UN seeks inquiry on Rakhine violence in Burma
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UN High Commissioner for Human Rights Navi Pillay has called for an independent investigation after claims of abuses by security forces in Burma''s Rakhine state.
Pillay said that forces sent to quash violence in the northern state were reported to be targeting Muslims.
The UN refugee agency (UNHCR) said that about 80,000 people have been displaced following inter-communal violence.
The agency said most of those displaced are living in camps and more tents are being airlifted in to help them.
The latest violence in Rakhine began in May when a Buddhist ethnic Rakhine woman was raped and murdered by three Muslims.On 3 June, an unidentified mob killed 10 Muslims.
Pillay''s office said that since then at least 78 people have been killed in ensuing violence but unofficial estimates are higher.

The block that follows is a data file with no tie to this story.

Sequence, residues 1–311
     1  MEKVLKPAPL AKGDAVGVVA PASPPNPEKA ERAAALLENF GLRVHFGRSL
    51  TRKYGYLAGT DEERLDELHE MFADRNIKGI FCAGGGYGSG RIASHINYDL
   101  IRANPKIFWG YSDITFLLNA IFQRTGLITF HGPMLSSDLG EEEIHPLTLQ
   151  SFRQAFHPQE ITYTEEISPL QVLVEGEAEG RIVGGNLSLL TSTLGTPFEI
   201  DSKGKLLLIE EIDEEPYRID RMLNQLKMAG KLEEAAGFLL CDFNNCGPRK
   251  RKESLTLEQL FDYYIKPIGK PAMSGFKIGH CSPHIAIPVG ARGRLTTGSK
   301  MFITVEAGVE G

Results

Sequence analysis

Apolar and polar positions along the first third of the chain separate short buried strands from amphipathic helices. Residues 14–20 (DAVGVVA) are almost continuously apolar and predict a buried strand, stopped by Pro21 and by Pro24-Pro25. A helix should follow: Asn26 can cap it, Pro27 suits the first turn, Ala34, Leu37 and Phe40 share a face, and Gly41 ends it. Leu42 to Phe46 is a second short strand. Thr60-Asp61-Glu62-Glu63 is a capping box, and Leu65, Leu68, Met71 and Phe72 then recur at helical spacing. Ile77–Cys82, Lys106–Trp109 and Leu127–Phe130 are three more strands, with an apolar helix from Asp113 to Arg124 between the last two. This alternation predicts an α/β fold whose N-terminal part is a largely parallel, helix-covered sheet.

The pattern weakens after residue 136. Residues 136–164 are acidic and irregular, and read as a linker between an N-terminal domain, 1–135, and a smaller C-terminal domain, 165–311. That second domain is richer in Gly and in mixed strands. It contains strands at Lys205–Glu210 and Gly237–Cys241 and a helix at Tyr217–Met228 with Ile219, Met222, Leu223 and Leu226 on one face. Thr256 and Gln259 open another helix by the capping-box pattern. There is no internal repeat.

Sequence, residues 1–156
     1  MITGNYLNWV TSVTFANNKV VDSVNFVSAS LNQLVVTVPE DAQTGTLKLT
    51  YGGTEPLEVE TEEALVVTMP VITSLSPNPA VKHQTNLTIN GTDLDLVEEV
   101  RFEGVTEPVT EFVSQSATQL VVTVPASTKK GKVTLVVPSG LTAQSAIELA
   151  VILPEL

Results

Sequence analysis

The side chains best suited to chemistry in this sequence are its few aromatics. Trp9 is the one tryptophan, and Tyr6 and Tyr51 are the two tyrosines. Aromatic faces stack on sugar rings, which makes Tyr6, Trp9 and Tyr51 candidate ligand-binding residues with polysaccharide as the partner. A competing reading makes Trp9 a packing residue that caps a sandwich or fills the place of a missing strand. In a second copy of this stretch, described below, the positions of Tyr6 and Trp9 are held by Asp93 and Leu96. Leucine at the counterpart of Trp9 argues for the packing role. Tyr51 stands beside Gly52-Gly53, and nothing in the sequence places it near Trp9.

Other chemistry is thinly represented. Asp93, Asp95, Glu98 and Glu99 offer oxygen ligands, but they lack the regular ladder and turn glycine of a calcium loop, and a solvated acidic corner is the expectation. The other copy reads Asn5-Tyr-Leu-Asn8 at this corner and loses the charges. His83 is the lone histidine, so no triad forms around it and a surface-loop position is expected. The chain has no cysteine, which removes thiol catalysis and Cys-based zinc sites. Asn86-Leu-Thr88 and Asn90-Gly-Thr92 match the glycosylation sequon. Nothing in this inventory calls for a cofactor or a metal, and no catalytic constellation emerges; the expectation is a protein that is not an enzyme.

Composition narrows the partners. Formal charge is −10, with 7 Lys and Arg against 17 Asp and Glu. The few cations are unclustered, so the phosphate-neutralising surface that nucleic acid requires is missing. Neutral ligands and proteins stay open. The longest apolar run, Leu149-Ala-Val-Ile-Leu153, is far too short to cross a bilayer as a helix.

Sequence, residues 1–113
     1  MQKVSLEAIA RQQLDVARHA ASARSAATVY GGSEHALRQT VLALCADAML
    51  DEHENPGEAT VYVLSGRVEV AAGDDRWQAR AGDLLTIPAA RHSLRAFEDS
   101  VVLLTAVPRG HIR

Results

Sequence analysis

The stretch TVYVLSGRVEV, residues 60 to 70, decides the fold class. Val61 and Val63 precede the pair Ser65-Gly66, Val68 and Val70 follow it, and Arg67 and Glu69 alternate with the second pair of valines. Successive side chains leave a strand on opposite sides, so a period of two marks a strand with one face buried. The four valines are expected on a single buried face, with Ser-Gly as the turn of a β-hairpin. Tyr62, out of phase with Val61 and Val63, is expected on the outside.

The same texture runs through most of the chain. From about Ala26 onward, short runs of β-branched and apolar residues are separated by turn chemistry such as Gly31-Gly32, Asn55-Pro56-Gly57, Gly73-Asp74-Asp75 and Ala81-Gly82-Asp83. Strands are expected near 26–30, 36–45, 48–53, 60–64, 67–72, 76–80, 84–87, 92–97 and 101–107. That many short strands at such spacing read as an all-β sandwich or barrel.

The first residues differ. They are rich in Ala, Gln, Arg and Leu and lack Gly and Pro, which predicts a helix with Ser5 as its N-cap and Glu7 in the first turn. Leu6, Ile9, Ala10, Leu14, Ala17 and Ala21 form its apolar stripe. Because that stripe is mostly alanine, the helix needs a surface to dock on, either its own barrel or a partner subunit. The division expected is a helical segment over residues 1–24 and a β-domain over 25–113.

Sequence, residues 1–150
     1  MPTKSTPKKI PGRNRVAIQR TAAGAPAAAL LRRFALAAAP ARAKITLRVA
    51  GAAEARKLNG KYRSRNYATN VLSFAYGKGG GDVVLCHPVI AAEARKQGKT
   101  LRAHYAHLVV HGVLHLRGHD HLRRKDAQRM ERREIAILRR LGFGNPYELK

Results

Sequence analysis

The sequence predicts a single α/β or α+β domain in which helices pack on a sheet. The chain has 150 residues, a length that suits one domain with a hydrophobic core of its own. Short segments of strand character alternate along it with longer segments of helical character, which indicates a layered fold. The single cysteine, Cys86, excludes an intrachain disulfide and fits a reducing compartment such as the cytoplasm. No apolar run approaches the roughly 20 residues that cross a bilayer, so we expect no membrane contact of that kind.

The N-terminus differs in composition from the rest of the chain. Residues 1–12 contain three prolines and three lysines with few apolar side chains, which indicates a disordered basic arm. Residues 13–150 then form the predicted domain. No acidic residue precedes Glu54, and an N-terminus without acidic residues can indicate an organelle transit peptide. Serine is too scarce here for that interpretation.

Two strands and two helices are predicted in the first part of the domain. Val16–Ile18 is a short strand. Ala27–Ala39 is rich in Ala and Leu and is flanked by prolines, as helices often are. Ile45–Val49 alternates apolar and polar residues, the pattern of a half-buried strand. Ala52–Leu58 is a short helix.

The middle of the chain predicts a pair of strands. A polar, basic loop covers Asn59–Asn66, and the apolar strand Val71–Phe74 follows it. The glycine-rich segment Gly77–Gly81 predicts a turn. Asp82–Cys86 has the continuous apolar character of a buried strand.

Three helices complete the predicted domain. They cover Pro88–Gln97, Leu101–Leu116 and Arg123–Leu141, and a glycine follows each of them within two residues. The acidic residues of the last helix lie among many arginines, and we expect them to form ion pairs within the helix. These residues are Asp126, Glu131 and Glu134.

"We have been receiving a stream of reports from independent sources alleging discriminatory and arbitrary responses by security forces, and even their instigation of and involvement in clashes," Pillay, the UN High Commissioner for Human Rights, said.
"Reports indicate that the initial swift response of the authorities to the communal violence may have turned into a crackdown targeting Muslims, in particular members of the Rohingya community," Pillay added.
She welcomed a government decision to allow a UN envoy access to Rakhine state next week, but said it was 'no substitute for a fully-fledged independent investigation'.
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